4. Will I get infections?
There is a possibility that you may develop an infection from breastfeeding, such as mastitis. Mastitis is caused when your milk can no longer flow freely. This clog is called a clogged duct with can become infected, leading to mastitis. Mastitis is a common infection amongst breastfeeding women.
The area of your clogged duct will typically look inflamed, red, swollen, and/or tender to the touch. In addition to physically locating your clogged duct, call your doctor if you are experiencing a fever and/or flu-like symptoms. You need to receive an antibiotic to combat mastitis. Another way to contract mastitis is when bacteria enters your breast from your skin’s surface and/or your baby’s mouth through a crack in your skin.
To avoid mastitis, remember to fully drain the milk from your breast while nursing and pumping, making sure your baby finishes the milk before switching breasts and that your baby is appropriately latching on to you.
5. Can my baby receive an infection from breastfeeding?
In a word, yes. It is called thrush. Thrush is a type of yeast infection that can occur in the mouths of breastfed babies as well as on the nipples of the mother. Thrush is the overgrowth of the bacteria candida albicans living on the skin and in the digestive tract. Candida albicans is a naturally occurring organism, but when it multiplies and becomes overgrown is when thrush happens.
Breastfed babies can develop thrush in their mouth and on their tongue. This is called oral thrush. This can make your baby fussy and not feel so great. If you notice your baby is fussy and is not feeding the best, check out the insides of their mouth. If you see white spots in their mouth – thrush may be present.
Oral thrush in babies is common and can be treated easily by an oral gel medicine. Thrush is highly contagious, so ensure you wash anything that comes into contact with your breast, breast milk, or baby’s spit.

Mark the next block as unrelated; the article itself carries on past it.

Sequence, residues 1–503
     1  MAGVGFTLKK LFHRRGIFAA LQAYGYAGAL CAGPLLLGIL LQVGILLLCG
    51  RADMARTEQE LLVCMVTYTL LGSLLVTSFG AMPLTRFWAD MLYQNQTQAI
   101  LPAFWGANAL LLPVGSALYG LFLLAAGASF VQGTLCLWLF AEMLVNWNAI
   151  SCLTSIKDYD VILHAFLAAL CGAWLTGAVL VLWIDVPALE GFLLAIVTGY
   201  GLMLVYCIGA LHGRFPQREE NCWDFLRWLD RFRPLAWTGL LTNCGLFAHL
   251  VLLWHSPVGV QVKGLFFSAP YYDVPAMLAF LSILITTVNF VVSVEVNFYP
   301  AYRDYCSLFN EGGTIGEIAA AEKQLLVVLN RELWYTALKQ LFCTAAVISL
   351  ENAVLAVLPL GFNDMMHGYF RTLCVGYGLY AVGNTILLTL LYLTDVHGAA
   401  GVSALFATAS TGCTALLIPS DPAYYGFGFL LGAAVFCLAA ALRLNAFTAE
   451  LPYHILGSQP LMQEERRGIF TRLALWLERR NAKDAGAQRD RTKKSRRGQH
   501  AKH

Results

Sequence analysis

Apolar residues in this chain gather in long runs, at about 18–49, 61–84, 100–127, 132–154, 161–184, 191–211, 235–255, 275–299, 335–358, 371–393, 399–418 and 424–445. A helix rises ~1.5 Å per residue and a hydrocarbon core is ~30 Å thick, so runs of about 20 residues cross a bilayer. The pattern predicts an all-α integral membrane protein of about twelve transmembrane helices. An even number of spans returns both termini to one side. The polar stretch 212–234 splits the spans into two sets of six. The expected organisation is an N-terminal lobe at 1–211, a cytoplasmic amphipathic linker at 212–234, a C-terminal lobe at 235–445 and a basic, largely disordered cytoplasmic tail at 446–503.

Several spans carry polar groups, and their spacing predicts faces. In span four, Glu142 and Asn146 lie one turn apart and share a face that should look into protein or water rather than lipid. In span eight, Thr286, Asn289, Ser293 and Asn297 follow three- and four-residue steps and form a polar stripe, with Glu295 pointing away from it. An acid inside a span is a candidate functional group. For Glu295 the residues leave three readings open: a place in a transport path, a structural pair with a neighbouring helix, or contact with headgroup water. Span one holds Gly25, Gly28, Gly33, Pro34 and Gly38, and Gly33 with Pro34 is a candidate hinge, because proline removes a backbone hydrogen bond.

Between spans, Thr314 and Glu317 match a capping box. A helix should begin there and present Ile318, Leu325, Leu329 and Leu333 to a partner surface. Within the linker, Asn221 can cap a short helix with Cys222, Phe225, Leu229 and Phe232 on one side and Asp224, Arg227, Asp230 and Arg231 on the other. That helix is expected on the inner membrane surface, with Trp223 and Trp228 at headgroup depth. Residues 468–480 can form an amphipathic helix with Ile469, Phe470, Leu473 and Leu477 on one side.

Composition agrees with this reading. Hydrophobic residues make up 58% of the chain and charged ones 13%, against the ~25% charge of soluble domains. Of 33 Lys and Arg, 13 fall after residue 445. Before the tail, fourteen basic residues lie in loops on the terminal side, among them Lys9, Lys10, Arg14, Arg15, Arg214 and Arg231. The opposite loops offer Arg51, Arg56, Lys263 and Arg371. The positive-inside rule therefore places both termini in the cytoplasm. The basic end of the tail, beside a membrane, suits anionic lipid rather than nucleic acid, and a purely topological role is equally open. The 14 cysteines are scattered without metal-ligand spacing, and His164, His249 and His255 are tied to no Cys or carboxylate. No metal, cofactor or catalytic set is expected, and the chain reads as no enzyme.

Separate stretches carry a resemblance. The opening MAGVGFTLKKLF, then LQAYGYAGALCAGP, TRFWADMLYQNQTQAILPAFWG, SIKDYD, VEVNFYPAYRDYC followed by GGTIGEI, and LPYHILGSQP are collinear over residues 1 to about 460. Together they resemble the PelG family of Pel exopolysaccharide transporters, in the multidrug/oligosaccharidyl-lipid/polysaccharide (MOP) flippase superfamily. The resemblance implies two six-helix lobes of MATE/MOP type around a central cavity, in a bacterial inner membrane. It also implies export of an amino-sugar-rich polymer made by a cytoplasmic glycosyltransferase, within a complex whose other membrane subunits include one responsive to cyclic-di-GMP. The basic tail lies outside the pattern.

Pacifiers, burp cloths, bottle nipples, and toys must be cleaned to stop the cycle of thrush from continuing.
If your baby has oral thrush, chances are incredibly high that you will also catch it. It can start as a yeast infection and spread to your breast. It can also begin in your breast, causing itchy, red, burning nipples and areolas. Anything that touches your breast (towels, clothes, undergarments, hands) can spread this yeast infection. Remain vigilant about proper cleaning of these items.
Plan to see your doctor if you develop thrush. Your doctor will have to prescribe a topical antifungal cream.
Do not stop nursing if you are battling thrush. Stopping nursing during this time could affect your milk supply. We know you don’t want to mess with that.
While the thrush is healing (it may take up to two weeks to fully heal), practice good hygiene to avoid another outbreak and toss out infected milk you may have saved while battling thrush.
6. What is the silver lining with breastfeeding?
Did you know that as your baby grows, your milk will change to meet your baby’s growing nutritional demands? The benefits of breastfeeding do not stop there.
Research shows children who breastfeed have a lower risk of asthma, obesity, type-1 diabetes, and sudden infant death syndrome. Some antibodies in breast milk will help build your child’s immune system and help protect them from other illnesses later in life.
There are benefits for YOU also. When you nurse, your body releases two hormones: prolactin and oxytocin. Prolactin provides a nurturing, peaceful feeling that allows you to rest and focus entirely on your child. The hormone oxytocin promotes a sense of love and attachment between you and your baby. Your body does not play.
Breastfeeding can be intimidating, but you are a warrior and can conquer this.